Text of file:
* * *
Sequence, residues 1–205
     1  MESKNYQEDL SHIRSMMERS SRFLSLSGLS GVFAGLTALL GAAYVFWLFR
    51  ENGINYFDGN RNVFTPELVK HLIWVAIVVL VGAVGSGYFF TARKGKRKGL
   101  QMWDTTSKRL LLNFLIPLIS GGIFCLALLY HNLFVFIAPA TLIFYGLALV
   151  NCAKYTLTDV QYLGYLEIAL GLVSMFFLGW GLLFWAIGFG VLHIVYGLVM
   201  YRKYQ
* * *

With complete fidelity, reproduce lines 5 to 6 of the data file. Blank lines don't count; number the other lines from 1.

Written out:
   151  NCAKYTLTDV QYLGYLEIAL GLVSMFFLGW GLLFWAIGFG VLHIVYGLVM
   201  YRKYQ